So when, in May of 2017, Sebastian and a group of friends brought a Nerf gun to school, stuck metal staples in the end of the Styrofoam bullets and shot them at classmates, school administrators and campus police treated the episode as a serious criminal matter — charging Sebastian with weapons possession, aggravated assault and gang affiliation.

Later that night, he ate two bottles of Trileptal, an anti-seizure medication. Though he survived, Sebastian refused to return to school.

He spent much of the following year wandering around town, sometimes sleeping in the play area of a park down the street from his house, as his mother tried to figure out how to get him to finish high school. He became more and more detached until, in October of 2018, he walked back onto the grounds of Alamogordo High School.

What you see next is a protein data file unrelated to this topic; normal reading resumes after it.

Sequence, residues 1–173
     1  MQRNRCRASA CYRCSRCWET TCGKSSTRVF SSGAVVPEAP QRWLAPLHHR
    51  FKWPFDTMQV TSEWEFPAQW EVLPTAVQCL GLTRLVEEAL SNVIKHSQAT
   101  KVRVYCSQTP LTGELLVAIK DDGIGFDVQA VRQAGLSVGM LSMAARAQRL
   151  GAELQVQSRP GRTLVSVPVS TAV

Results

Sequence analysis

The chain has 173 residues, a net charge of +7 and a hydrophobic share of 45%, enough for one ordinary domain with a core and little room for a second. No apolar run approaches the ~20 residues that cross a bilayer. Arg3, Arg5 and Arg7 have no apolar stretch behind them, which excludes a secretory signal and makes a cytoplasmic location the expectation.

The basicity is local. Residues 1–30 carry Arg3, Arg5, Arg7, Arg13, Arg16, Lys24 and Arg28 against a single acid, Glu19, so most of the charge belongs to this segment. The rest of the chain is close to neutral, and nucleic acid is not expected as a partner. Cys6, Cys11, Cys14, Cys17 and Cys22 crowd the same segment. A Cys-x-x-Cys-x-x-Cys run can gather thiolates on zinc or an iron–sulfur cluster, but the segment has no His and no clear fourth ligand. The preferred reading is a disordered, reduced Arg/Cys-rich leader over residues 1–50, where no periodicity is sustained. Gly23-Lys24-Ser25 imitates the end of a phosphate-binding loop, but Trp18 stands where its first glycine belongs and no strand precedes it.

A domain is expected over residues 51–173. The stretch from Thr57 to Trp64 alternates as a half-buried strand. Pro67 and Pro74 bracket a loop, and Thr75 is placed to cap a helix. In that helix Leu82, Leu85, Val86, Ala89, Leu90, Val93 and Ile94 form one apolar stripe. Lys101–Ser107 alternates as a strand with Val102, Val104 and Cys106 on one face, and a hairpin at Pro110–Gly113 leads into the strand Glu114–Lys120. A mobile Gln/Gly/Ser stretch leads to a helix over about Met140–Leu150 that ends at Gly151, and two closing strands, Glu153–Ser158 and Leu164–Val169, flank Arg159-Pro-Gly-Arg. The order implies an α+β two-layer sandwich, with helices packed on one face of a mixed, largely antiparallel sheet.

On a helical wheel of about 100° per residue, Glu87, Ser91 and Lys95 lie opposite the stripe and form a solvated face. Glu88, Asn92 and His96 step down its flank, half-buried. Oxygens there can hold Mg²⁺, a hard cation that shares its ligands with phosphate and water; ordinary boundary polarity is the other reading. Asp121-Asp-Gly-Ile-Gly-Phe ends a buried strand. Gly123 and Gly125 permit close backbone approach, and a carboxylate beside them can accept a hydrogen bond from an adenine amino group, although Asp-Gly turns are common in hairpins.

Crisis without intervention

Sebastian’s arrest for trespassing on campus that day sent him into a paranoid episode, according to his mother. He ran away from home, and when he returned on the day of his 17th birthday, he became convinced the battery light in the smoke detector was a camera, installed to record his every move. He flew into a rage and picked up a kitchen knife, waving it in the air and ranting nonsensically.

His sister dialed 911 and explained that her brother was in the midst of a mental health emergency.

“Thank God you’re here,” Sebastian told the police as they stepped inside the house. “Just kill me.”

The officers persuaded him to put down the knife and took him to the emergency room. Later, against the protestations of his mother, he was charged with felony assault with a deadly weapon and criminal damage to her property.